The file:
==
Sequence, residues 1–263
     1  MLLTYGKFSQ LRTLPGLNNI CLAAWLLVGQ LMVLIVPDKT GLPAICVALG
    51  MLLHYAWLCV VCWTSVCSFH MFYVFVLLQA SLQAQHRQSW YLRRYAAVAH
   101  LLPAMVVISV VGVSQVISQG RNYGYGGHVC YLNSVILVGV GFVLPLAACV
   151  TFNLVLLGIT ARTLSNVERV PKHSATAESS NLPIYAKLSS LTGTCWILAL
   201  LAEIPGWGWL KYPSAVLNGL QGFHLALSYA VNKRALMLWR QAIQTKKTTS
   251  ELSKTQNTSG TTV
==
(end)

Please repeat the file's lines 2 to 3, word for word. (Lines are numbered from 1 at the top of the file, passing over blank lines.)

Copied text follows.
     1  MLLTYGKFSQ LRTLPGLNNI CLAAWLLVGQ LMVLIVPDKT GLPAICVALG
    51  MLLHYAWLCV VCWTSVCSFH MFYVFVLLQA SLQAQHRQSW YLRRYAAVAH